FIGURE 3
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Figure 3. A schematic representation of the association between mean beauty ratings (m-BR), mean understanding ratings (m-UR), the standard deviation of understanding ratings (sd-UR) and standard deviations of beauty ratings (sd-BR). The thickness of the connecting lines denotes the pairwise Pearson correlations between them. We show below that although there is an association between m-BR and m-UR, there is no association between m-UR and sd-BR. Moreover, adding m-UR to m-BR does not improve the established association between m-BR and sd-BR.

FIGURE 4
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Figure 4. A graph relating the standard deviation of the pre-scan beauty ratings (sd-BR) against mean understanding ratings (m-UR) for each equation (Pearson r: −0.24, p > 0.05). Conventions as in Figure 2.

Possible Ceiling Effect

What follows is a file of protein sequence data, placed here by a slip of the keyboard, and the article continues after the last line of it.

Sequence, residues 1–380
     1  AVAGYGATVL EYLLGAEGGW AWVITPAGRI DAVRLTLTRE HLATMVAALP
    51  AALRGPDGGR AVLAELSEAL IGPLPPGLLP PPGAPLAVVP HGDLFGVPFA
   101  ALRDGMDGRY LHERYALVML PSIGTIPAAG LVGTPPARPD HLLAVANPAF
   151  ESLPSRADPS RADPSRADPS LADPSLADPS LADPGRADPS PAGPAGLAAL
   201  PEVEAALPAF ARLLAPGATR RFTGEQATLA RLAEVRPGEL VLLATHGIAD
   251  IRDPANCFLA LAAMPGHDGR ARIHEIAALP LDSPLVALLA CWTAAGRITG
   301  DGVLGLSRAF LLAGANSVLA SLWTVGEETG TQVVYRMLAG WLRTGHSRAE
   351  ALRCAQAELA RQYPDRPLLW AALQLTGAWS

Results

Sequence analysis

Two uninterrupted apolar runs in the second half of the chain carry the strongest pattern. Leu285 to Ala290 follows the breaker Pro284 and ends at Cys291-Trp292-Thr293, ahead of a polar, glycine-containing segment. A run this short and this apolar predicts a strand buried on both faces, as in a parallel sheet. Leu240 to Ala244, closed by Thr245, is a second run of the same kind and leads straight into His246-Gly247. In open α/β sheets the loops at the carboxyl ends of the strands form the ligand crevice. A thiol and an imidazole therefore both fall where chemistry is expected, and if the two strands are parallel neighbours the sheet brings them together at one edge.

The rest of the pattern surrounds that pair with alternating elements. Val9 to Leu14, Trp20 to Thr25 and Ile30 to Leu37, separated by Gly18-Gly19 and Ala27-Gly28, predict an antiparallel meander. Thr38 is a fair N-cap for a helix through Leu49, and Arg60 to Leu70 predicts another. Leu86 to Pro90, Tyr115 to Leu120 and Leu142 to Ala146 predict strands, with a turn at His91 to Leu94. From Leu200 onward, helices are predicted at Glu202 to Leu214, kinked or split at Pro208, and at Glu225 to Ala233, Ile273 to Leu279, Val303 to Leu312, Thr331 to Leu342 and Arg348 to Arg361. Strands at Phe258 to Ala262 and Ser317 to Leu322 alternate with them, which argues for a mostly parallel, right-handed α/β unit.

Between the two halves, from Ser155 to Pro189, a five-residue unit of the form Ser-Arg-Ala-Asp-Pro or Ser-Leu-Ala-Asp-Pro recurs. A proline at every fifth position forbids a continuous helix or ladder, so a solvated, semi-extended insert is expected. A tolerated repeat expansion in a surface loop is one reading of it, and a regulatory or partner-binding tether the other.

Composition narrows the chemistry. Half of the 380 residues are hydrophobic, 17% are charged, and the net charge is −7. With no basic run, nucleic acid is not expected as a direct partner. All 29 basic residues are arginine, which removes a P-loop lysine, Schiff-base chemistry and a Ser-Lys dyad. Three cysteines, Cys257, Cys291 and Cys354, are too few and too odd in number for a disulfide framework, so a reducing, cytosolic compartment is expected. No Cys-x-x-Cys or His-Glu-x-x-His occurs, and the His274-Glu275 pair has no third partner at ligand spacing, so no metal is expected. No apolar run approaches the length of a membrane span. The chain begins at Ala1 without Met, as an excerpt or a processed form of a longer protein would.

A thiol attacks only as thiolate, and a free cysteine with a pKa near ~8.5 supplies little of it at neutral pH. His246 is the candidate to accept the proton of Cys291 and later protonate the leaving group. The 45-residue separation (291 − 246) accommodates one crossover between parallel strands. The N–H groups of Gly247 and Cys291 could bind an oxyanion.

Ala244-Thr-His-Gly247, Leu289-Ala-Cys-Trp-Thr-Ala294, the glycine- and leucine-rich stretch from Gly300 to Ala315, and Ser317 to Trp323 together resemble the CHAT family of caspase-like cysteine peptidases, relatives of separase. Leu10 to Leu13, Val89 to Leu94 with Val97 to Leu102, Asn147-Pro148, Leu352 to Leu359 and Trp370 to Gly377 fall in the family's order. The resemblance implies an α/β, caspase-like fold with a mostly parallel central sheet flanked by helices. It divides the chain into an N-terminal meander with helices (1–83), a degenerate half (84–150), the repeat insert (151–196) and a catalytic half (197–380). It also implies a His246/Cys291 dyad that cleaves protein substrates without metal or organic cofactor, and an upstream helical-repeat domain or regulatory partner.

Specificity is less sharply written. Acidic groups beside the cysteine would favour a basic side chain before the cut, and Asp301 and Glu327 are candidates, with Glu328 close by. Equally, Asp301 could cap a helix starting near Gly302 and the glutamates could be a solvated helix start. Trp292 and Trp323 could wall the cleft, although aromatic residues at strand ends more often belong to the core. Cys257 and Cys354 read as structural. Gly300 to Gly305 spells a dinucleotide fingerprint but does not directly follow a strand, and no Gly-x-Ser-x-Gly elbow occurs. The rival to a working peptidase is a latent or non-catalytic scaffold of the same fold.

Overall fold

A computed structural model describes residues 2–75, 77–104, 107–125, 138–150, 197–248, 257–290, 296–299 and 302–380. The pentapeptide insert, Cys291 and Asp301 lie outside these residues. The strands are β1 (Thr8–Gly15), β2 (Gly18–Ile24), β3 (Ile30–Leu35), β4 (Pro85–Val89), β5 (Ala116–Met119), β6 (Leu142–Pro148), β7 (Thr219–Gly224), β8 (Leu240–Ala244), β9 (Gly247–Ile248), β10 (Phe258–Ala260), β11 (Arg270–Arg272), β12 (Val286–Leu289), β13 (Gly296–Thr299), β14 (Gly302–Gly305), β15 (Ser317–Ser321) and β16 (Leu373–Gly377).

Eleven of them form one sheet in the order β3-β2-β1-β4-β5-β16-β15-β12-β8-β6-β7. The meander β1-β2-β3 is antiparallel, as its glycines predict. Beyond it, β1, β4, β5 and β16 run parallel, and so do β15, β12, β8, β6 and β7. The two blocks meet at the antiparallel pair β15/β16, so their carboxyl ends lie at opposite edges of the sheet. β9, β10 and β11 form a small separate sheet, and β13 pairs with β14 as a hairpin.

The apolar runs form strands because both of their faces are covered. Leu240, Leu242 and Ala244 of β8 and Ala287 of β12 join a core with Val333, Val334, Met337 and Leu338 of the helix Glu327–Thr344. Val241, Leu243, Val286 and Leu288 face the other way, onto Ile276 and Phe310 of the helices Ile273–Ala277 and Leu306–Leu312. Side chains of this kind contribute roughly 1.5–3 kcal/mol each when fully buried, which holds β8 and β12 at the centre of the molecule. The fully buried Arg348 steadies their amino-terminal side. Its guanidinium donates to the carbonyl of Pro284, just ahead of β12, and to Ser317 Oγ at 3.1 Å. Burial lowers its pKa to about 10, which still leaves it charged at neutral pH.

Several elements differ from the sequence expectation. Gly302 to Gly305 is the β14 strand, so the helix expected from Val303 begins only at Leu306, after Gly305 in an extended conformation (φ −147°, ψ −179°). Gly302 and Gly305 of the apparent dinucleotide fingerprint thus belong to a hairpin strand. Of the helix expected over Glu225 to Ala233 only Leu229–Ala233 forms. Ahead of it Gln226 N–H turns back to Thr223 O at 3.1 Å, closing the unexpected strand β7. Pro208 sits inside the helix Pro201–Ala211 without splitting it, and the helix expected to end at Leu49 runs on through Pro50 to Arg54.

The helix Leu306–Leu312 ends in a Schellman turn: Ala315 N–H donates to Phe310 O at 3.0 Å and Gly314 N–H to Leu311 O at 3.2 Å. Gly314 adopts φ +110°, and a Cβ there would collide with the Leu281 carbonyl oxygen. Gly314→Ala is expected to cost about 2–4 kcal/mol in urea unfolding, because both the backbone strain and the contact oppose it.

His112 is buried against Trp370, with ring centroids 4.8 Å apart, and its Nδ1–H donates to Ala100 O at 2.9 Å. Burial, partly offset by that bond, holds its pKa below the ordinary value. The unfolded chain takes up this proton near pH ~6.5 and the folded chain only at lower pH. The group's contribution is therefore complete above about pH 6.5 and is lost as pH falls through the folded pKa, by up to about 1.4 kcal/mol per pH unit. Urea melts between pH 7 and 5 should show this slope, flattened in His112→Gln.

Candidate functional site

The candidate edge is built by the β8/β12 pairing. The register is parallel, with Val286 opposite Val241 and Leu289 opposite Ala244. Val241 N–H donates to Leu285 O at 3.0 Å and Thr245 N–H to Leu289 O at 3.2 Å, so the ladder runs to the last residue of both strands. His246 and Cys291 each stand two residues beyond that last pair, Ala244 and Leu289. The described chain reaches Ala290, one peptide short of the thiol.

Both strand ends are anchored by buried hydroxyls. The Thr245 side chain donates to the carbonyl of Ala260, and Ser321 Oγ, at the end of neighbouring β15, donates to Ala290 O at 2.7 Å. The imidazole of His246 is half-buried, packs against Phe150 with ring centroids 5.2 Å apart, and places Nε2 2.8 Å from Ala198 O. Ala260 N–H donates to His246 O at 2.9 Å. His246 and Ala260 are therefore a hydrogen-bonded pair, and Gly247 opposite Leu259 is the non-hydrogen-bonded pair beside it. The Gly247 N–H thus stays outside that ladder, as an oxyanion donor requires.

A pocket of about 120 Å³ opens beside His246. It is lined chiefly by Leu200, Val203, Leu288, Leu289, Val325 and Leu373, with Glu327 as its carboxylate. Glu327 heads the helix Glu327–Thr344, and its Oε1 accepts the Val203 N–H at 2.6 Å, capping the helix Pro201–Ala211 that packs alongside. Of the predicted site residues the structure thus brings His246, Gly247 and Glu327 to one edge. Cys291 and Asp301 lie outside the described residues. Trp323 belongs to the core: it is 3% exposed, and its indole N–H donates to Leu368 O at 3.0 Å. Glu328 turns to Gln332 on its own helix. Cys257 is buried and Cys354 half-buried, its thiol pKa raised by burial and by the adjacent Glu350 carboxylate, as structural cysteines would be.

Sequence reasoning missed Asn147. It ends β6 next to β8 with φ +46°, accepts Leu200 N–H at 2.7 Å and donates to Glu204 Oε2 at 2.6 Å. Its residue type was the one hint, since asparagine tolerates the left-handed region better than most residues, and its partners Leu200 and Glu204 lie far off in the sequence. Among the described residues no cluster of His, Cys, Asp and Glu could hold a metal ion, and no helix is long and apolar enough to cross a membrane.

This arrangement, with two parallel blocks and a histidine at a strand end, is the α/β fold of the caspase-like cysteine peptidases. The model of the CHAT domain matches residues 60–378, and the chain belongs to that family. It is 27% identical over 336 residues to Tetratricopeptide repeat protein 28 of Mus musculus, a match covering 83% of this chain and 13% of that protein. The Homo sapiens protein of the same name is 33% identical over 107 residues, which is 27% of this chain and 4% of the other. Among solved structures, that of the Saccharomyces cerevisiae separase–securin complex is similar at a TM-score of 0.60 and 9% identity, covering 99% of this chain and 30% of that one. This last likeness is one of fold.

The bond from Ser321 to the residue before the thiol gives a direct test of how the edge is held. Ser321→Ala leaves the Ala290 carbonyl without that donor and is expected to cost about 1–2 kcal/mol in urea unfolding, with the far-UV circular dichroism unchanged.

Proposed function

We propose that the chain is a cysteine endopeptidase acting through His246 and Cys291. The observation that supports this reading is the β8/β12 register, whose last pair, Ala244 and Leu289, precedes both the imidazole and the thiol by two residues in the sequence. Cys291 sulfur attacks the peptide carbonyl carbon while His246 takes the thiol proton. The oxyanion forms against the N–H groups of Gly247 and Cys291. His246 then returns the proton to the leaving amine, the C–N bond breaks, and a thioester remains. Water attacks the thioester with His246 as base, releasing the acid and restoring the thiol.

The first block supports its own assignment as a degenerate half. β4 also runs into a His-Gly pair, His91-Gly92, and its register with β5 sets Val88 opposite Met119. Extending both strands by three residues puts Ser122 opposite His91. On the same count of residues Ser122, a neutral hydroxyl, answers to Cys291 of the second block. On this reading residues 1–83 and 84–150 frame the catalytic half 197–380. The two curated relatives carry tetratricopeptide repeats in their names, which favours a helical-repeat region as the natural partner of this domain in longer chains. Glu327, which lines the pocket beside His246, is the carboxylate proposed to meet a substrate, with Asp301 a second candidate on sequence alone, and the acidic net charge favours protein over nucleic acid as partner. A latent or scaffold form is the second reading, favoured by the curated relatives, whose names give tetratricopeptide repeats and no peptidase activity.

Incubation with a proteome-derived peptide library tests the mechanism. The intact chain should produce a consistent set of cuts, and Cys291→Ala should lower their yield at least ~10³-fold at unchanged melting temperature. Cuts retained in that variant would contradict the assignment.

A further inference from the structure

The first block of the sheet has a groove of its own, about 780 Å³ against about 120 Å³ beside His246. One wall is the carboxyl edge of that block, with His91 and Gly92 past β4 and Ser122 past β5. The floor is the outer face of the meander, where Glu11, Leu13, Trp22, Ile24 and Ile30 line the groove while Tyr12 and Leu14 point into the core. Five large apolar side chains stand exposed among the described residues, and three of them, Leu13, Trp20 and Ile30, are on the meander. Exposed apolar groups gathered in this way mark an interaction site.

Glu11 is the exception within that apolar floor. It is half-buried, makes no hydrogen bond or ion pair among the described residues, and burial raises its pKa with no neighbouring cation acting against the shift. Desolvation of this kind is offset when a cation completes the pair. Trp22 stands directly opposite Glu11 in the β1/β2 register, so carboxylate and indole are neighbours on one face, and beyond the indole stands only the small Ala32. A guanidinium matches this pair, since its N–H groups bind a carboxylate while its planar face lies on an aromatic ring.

Since the beauty rating scales were from −5 to 5, it is possible that there was a ceiling effect for those equations that were rated either −5 or 5. In other words, were the scale changed to −10 to 10, some of those equations that were rated 5 and −5 on our scale of −5 to 5 may have been rated lower than −5 or higher than 5. If so, then the ceiling effect could have potentially reduced the variance of the highly (or lowly) rated equations, thus confounding our results. Although normalization reduces the ceiling effect, it could still be argued that the results would be different (and possibly insignificant) were the ratings on a different scale, even with normalization. We therefore conducted simulation studies to learn whether such a ceiling effect, even if it exists in our studies, would modify our conclusion.